St. Patrick's Cathedral swelled with song, applause and emotion today as a standing-room-only congregation witnessed the installation of Archbishop Timothy Dolan as the spiritual leader of New York's 2.5 million Catholics.
The beaming Irishman stepped to the altar as only the 10th Archbishop in the history of the New York Archdiocese and offered his "admiration, deep appreciation and unflagging love" to the priests of New York.
And while the cheerful 59-year-old leader previously charmed worshippers in Milwaukee by sharing his everyman's love of beers, brats and baseball, Dolan told his New York congregation that he'll maintain his strict defense of conservative church doctrine, earning several ovations along the way.
His nearly 30-minute homily included a pro-life mention about his commitment to preserve the "sanctity of human life, from every tiny baby in the womb."At a news conference earlier in the day, Dolan told reporters he'll work with the state's other Roman Catholic bishops to defeat legislation that would legalize same-sex marriage.
"You'll find I don't shy away from those things," he said. "I wouldn't sidestep them. You could expect me to articulate that with all the clarity ... I can muster."
The last ovation Dolan earned brought the congregation to its feet when he urged attendees "to believe that from Staten Island to Sullivan County, from the Bowery, to the Bronx, to Newburgh, from White Plains to Poughkeepsie ... He is walking right alongside us."
Early in the speech, he offered a touching moment to the day when he acknowledged his mother in attendance.
"My dear family, when I told Mom that Pope Benedict XVI had appointed me Archbishop of New York, I remarked, 'Mom, whatever God gives me in life, His greatest gift to me is that I am Bob and Shirley Dolan's son,'" he said, setting up for a zinger. "I mean that. And I'm so glad Mom is here this afternoon. I was a little worried Mom might not make it. She found out there was a sale on at Macy's."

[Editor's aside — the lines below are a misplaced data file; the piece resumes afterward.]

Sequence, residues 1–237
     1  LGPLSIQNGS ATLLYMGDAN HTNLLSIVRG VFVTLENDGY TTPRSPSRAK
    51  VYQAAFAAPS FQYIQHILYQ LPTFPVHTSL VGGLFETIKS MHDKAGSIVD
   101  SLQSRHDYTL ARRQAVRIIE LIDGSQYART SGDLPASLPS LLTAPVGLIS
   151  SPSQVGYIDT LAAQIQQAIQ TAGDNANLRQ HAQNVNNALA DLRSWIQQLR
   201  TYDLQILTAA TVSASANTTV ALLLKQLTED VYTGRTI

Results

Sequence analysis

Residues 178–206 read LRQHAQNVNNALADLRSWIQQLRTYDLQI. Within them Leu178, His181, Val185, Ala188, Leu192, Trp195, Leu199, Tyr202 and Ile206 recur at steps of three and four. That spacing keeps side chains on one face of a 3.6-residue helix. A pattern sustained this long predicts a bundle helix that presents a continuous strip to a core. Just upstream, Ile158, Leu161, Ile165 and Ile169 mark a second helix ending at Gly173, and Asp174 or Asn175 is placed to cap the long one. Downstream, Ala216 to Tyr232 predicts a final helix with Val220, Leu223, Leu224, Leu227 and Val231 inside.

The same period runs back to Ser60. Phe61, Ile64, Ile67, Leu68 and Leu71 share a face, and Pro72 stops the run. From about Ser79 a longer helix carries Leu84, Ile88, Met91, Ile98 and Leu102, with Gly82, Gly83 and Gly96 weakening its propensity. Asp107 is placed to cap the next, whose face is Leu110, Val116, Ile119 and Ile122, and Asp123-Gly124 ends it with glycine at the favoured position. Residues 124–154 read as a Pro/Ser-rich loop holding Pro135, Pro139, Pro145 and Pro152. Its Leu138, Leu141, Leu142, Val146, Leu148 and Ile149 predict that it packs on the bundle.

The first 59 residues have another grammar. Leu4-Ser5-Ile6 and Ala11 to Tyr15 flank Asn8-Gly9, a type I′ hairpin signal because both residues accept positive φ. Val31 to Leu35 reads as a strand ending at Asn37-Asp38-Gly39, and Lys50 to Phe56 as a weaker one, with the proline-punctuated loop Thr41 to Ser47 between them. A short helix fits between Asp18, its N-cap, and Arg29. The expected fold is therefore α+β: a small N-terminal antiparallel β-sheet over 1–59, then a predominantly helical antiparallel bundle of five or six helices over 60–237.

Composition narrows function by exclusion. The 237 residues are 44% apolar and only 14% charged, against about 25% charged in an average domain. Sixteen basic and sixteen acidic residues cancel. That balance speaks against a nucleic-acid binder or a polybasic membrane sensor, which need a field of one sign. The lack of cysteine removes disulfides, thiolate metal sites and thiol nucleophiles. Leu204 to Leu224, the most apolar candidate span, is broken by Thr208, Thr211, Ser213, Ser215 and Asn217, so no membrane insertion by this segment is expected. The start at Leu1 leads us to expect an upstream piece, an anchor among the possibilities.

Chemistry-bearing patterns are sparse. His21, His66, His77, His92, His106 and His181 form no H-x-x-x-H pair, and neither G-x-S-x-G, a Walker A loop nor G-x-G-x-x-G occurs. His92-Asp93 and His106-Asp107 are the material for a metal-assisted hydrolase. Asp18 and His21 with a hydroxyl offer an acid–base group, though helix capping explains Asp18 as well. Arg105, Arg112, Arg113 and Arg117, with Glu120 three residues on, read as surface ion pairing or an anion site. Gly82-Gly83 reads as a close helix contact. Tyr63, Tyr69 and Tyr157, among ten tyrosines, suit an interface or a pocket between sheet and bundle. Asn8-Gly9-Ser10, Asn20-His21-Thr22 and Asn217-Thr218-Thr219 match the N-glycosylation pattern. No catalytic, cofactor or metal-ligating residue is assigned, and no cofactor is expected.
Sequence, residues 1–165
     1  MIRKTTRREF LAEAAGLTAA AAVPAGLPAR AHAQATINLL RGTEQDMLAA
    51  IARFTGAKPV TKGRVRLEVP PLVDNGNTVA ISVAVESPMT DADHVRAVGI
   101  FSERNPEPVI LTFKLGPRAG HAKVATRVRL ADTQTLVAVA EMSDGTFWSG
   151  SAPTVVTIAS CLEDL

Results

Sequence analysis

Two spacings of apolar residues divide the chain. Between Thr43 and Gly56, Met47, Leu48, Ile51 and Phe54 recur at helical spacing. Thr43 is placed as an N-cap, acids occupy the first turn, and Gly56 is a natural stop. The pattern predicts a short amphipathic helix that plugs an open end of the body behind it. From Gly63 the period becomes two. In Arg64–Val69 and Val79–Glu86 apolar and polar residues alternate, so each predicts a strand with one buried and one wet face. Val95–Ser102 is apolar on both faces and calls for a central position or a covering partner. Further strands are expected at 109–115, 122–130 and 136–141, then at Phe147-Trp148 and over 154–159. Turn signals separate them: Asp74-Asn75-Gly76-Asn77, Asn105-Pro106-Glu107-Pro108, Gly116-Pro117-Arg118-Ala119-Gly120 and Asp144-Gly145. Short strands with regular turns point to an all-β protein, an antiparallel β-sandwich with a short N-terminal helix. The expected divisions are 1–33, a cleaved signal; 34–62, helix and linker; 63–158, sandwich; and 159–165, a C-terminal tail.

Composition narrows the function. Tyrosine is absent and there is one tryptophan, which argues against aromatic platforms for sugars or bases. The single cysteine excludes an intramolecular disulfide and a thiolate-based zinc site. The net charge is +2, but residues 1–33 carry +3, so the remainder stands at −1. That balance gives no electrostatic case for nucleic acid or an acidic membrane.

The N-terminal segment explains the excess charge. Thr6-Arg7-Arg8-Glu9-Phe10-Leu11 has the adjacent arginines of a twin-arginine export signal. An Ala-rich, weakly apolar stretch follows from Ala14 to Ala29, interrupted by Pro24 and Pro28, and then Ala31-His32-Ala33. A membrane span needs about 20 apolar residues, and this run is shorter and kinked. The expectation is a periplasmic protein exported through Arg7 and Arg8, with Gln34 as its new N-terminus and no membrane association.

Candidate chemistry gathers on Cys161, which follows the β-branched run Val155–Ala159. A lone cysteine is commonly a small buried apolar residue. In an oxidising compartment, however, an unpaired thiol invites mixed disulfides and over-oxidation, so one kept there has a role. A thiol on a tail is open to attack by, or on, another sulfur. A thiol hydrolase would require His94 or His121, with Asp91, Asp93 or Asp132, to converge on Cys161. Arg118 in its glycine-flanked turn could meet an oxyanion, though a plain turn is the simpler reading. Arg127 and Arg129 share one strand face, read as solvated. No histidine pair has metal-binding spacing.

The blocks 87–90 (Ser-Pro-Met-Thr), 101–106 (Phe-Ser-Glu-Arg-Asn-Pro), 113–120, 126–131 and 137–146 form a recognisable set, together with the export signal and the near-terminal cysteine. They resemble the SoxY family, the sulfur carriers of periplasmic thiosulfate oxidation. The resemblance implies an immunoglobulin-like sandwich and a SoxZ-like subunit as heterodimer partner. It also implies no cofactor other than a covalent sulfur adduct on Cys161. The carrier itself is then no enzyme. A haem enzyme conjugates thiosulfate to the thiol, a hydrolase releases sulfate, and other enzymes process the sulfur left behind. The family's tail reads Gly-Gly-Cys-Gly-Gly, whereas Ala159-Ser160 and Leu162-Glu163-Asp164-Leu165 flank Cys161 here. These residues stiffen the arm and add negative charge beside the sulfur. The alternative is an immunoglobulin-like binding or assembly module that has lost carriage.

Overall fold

The Archdiocese of New York is the nation's second-largest diocese after Los Angeles, yet it is considered the most prominent seat in American Catholicism.
Dolan's predecessors include Cardinal Francis Spellman, who was so influential that his residence was dubbed "the powerhouse." Cardinal John O'Connor was the most forceful Catholic voice in the national debates of his era, especially on abortion.
Dolan succeeds New York Cardinal Edward Egan, 77, who is retiring after nine years.
The archdiocese covers a region with 2.5 million parishioners in about 400 churches and an annual budget estimated to be at least half a billion dollars.
Its vast Catholic service network includes 10 colleges and universities, hundreds of schools and aid agencies, and nine hospitals that treat about a million people annually.
Dolan faces challenges identical to those for bishops nationwide: strengthening the finances of Catholic schools and parishes as Catholics move from urban areas to the suburbs, boosting the low rate of Mass attendance, and serving a growing number of Latinos and other immigrants.
Dolan said the American church has always been a shelter for newcomers. But he said Catholicism has become a "settled, accepted religion."
He said he wanted to revive "a sense of energetic solicitude for the Catholic people."